The term “pH” is an abbreviation for potential hydrogen.
The pH of any solution is the measure of its hydrogen-ion concentration.
The higher the pH reading, the more alkaline and oxygen rich the fluid is.
Conversely, the lower the pH reading, the more acidic and oxygen deprived the fluid is.
The pH range is from 0 to 14, with 7.0 being neutral.
Anything below 7.0 is considered acidic; while anything above 7.0 is rated alkaline;
Human blood stays in a very narrow pH range right around ( 7.35 – 7.45 ).
Below or above this range means symptoms and disease.
If blood pH moves to much below 6.8pH or above 7.8pH, cells stop functioning and the patient dies.
The ideal pH for any human blood is 7.4; and this means that it is just slightly more alkaline than acid.
Thus, a healthy blood pH (without cancer) has almost equal acid + alkaline balance. (i.e. pH = 7.4).
Actually, a healthy body is slightly alkaline measuring approximately 7.4 and slightly above.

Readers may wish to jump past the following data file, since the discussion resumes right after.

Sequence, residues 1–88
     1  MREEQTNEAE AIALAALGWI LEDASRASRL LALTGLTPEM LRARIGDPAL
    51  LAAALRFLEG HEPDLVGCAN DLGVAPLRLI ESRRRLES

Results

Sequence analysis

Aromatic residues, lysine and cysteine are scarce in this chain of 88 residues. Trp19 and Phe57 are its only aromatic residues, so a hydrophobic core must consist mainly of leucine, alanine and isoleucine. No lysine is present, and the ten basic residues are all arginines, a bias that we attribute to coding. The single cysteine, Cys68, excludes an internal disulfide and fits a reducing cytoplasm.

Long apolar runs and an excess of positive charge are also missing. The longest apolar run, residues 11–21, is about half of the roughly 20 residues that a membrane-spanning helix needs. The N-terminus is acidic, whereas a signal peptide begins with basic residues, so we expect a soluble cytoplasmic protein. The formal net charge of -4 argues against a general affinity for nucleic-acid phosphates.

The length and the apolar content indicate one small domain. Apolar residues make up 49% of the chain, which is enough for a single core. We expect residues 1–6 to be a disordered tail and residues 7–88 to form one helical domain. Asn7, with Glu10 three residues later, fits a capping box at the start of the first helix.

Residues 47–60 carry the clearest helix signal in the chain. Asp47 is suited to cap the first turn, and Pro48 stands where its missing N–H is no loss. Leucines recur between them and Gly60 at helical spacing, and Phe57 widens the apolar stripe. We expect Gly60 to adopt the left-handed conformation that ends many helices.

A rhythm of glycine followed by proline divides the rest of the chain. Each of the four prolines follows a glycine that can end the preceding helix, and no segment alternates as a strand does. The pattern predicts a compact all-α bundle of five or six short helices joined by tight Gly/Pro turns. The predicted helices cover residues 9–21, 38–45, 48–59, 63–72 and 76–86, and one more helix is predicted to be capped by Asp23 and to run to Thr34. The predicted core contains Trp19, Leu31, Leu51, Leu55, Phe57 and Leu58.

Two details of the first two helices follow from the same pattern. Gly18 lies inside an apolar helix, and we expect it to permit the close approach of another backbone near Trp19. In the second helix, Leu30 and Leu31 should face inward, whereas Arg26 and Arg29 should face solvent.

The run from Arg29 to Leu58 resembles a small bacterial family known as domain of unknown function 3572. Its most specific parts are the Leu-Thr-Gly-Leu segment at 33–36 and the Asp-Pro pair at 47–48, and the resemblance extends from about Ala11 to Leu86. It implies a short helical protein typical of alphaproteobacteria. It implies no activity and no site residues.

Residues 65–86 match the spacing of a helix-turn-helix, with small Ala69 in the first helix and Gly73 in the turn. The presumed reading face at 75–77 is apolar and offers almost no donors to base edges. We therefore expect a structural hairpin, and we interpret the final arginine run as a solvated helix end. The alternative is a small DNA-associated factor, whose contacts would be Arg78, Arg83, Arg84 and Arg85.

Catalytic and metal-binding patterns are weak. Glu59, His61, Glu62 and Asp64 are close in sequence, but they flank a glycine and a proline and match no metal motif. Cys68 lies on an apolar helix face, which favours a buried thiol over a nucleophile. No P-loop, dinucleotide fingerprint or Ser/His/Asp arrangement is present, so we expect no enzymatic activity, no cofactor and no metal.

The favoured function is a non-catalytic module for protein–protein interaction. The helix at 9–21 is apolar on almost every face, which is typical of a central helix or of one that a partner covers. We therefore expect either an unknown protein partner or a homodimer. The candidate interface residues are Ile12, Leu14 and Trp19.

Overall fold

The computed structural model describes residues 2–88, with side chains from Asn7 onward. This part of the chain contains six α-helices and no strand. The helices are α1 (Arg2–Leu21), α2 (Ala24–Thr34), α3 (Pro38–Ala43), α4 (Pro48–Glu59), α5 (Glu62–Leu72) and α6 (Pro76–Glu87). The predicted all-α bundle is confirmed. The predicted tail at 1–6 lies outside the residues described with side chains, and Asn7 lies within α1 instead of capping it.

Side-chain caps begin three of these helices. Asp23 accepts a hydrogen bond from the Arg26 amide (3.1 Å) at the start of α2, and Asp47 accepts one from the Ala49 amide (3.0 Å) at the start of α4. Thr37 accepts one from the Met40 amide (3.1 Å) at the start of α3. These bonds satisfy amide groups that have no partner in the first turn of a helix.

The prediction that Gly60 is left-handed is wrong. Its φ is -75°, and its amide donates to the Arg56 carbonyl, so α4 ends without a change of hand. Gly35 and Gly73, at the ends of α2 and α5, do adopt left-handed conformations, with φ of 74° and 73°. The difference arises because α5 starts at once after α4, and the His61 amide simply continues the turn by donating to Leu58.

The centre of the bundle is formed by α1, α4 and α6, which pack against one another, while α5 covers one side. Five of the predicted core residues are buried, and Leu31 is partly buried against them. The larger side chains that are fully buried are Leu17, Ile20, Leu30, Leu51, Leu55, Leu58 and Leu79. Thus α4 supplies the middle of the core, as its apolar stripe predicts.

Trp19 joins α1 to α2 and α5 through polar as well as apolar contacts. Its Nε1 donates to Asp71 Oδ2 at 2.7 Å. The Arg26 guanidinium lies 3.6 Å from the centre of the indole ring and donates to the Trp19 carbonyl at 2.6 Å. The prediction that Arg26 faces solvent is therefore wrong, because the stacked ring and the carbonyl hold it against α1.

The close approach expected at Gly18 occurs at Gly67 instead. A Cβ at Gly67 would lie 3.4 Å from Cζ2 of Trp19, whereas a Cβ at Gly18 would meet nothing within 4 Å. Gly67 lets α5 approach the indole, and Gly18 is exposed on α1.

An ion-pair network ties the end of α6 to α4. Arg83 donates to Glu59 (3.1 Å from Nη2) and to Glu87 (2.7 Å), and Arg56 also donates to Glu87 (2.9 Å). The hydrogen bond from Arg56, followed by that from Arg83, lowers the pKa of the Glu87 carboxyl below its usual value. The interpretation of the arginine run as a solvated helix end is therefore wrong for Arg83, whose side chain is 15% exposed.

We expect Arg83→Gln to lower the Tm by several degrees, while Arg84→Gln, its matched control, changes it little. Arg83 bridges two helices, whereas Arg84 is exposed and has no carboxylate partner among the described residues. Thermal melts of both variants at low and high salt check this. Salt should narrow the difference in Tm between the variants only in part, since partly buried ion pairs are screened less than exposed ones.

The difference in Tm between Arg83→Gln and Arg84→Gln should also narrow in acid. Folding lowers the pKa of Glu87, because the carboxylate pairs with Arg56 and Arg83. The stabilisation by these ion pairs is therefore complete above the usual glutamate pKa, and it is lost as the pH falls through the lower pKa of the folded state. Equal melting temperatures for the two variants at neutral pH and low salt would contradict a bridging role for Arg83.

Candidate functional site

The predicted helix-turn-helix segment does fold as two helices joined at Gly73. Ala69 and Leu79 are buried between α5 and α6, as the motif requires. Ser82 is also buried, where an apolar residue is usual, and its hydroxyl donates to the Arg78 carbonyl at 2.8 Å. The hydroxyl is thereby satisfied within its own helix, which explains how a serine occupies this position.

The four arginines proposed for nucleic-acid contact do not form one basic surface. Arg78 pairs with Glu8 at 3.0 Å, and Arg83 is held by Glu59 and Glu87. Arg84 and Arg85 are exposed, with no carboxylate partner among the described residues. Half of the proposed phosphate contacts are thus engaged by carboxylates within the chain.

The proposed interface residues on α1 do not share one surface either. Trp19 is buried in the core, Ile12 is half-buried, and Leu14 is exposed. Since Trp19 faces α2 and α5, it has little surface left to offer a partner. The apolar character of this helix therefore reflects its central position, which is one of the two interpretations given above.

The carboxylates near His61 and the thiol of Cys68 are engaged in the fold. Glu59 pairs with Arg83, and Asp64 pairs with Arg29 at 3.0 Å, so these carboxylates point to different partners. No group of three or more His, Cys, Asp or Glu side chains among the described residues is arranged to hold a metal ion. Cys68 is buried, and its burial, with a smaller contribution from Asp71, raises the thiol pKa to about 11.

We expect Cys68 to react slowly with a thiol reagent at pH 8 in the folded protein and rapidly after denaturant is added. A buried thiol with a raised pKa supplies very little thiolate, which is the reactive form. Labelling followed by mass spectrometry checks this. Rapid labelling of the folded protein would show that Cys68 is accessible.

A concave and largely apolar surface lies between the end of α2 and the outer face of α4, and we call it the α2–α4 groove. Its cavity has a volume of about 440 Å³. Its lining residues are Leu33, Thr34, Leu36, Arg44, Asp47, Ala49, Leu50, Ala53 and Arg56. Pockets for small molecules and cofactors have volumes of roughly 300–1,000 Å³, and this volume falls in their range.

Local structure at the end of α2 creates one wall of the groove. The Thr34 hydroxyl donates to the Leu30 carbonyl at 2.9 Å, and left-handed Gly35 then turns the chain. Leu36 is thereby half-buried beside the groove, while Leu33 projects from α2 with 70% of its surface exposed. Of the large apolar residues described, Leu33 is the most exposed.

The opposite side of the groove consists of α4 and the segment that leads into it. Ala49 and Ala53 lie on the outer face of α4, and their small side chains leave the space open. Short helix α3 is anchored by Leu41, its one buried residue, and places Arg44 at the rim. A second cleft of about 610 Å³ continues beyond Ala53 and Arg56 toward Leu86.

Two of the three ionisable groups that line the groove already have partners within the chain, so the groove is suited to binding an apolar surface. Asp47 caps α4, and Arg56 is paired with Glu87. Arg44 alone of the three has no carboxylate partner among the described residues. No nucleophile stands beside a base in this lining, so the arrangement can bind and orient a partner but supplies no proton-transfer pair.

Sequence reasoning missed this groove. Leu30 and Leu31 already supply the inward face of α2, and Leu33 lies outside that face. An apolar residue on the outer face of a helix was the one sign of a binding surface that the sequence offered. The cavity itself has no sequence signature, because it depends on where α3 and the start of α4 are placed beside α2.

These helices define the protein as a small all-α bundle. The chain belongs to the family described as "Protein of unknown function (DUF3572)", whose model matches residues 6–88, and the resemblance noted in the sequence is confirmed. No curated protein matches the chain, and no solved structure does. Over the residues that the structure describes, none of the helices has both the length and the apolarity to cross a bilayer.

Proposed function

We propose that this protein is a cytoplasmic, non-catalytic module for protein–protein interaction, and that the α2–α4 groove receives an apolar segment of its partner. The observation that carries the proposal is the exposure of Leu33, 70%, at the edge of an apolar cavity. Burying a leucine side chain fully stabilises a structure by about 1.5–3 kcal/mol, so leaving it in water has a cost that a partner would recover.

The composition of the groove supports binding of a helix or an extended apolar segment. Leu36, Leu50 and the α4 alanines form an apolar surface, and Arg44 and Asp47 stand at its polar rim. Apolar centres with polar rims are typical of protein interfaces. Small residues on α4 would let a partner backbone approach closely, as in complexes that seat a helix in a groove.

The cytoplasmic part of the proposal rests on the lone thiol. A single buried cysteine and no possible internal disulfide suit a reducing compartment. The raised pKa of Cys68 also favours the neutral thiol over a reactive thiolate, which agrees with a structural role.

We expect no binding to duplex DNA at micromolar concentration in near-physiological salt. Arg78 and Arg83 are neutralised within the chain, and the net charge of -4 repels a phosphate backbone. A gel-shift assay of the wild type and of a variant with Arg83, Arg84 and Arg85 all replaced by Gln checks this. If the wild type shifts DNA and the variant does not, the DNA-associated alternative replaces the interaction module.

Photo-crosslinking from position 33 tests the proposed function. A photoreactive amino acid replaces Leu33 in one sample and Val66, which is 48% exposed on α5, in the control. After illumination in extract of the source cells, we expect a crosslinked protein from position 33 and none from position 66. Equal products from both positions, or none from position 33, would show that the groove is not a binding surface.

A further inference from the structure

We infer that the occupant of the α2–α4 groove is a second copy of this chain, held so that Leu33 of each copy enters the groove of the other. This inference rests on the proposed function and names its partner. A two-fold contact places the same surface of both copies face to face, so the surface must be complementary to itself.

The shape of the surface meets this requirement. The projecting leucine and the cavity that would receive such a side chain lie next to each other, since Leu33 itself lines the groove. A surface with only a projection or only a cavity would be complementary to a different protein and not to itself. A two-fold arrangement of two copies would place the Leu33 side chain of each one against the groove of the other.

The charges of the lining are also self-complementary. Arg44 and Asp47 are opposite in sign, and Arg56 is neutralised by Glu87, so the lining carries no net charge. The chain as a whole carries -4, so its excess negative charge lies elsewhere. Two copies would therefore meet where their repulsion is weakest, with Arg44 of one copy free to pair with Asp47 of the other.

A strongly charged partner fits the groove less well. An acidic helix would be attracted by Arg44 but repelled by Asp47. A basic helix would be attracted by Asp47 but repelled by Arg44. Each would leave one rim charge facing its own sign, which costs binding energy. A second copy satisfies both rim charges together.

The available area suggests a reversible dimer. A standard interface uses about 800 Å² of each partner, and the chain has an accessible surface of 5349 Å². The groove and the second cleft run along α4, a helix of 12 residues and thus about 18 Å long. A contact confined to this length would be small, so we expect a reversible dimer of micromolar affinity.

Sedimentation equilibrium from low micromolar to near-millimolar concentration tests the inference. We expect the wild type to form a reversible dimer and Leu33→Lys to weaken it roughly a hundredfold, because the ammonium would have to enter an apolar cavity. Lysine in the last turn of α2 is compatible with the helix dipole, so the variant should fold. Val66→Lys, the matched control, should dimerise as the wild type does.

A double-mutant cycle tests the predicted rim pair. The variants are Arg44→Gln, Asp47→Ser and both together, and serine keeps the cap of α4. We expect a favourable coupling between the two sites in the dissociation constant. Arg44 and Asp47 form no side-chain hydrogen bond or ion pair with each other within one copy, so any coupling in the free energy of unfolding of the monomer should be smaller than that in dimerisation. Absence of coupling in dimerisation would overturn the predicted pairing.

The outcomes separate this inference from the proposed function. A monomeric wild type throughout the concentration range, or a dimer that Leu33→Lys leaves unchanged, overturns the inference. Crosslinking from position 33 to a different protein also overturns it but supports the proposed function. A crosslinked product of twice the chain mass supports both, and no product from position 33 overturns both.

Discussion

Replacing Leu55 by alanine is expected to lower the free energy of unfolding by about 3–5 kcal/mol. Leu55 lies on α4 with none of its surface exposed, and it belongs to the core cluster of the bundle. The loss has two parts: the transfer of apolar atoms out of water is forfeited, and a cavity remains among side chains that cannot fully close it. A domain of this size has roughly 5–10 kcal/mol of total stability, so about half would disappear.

This is because the ideal blood 7.4 pH measurement means that it is just slightly more alkaline than acid.
The pH in the human digestive tract varies greatly (see Human Digestive Tract pH Range Chart on the left side).
The pH of saliva is usually between 6.5 – 7.5.
After we chew and swallow food, it then enters the fundic or upper portion of the stomach which has a pH between 4.0 – 6.5. This is where “predigestion” occurs while the lower portion of the stomach is secreting hydrochloric acid (HCI) and pepsin until it reaches a pH between 1.5 – 4.0. After the food mixes with these juices it then enters the duodenum (small intestine) where the pH changes to 7.0 – 8.5. This is where 90% of the absorption of nutrients is taken in by the body while the waste products are passed out through the colon (pH 4.0 – 7.0).